APTN National News
KITIGAN Zibi, Que.–The Assembly of First Nations’ response to the wide-spread opposition to a blue-ribbon education panel created by the organization and the federal government is “quite disturbing,” says a Quebec chief who has been a key player on the education file.
Kitigan Zibi First Nation chief Gilbert Whiteduck says he believes National Chief Shawn Atleo never took the concerns of chiefs seriously when he agreed to put his organization’s approval on a government created education panel.
The panel, announced last December, is tasked with giving Ottawa recommendations on creating federal legislation on K-12 First Nations education.
“The AFN structure has not recognized that there are over 200 communities that are not going to present to the panel, yet I believe this has been taken quite lightly and this is quite disturbing,” said Whiteduck. “We were being somewhat mislead in regards to our involvement…The majority of decisions in regards to the panel membership and the terms of reference were going to be made by (Aboriginal) Affairs.”
Whiteduck said the make-up of the three-person panel, which only has one First Nations person, showed “disrespect” to First Nations people.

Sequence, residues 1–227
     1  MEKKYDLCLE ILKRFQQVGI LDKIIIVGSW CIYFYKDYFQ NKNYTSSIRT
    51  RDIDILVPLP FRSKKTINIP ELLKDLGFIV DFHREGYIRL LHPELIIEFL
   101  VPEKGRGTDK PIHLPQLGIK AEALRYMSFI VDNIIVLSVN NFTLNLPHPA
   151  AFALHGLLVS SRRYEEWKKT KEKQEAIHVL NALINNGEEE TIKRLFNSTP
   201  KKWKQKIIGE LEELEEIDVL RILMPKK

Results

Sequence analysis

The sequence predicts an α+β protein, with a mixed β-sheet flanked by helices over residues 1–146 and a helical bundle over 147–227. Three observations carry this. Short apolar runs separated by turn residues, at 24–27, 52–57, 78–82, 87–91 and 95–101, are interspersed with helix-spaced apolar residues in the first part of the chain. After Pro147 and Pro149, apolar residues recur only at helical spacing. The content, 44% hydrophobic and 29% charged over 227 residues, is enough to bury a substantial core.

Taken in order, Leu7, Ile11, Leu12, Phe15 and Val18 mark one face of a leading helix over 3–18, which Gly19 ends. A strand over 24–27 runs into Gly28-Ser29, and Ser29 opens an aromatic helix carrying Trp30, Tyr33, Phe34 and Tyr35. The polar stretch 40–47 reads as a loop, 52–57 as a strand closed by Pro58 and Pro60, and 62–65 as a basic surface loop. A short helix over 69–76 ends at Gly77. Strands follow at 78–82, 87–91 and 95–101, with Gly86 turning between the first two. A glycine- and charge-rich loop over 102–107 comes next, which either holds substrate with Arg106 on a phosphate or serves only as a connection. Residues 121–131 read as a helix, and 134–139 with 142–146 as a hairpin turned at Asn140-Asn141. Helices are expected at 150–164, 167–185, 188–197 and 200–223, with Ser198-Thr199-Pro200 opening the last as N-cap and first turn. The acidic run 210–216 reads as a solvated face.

“This panel should have been made up of First Nations people. This panel is about First Nations and no one else,” said Whiteduck. “We hold the solution, the federal government has to support us to make sure those solutions are implemented.”
The panel is chaired by Scott Haldane, head of YMCA Canada. Former chief turned consultant George Lafond and British Columbia education Carolyn Krause were also appointed to the panel.
The panel is expected to submit its final report before the end of the year.
First Nations chiefs in Ontario, Quebec and most recently Saskatchewan have rejected involvement in the panel.
The Federation of Saskatchewan Indian Nations issued a statement this week saying the AFN had been “co-opted” by the federal government on the issue.
The panel’s focus on legislation instead of funding is at the root of the chiefs’ decision.
The FSIN said talk of federal legislation on First Nations education raised the spectre of Indian Residential Schools.
The AFN has yet to respond directly to the increasingly public discontent aired by chiefs representing one-third of First Nations communities in the country.
The AFN issued a “communique” from Atleo Friday morning which made no mention of the chief’s concerns and simply repeated media lines issued to reporters on Thursday.
“The work of the national panel…is one avenue to advance these interests and confirms the federal government’s commitment to improving First Nations education,” the communique said.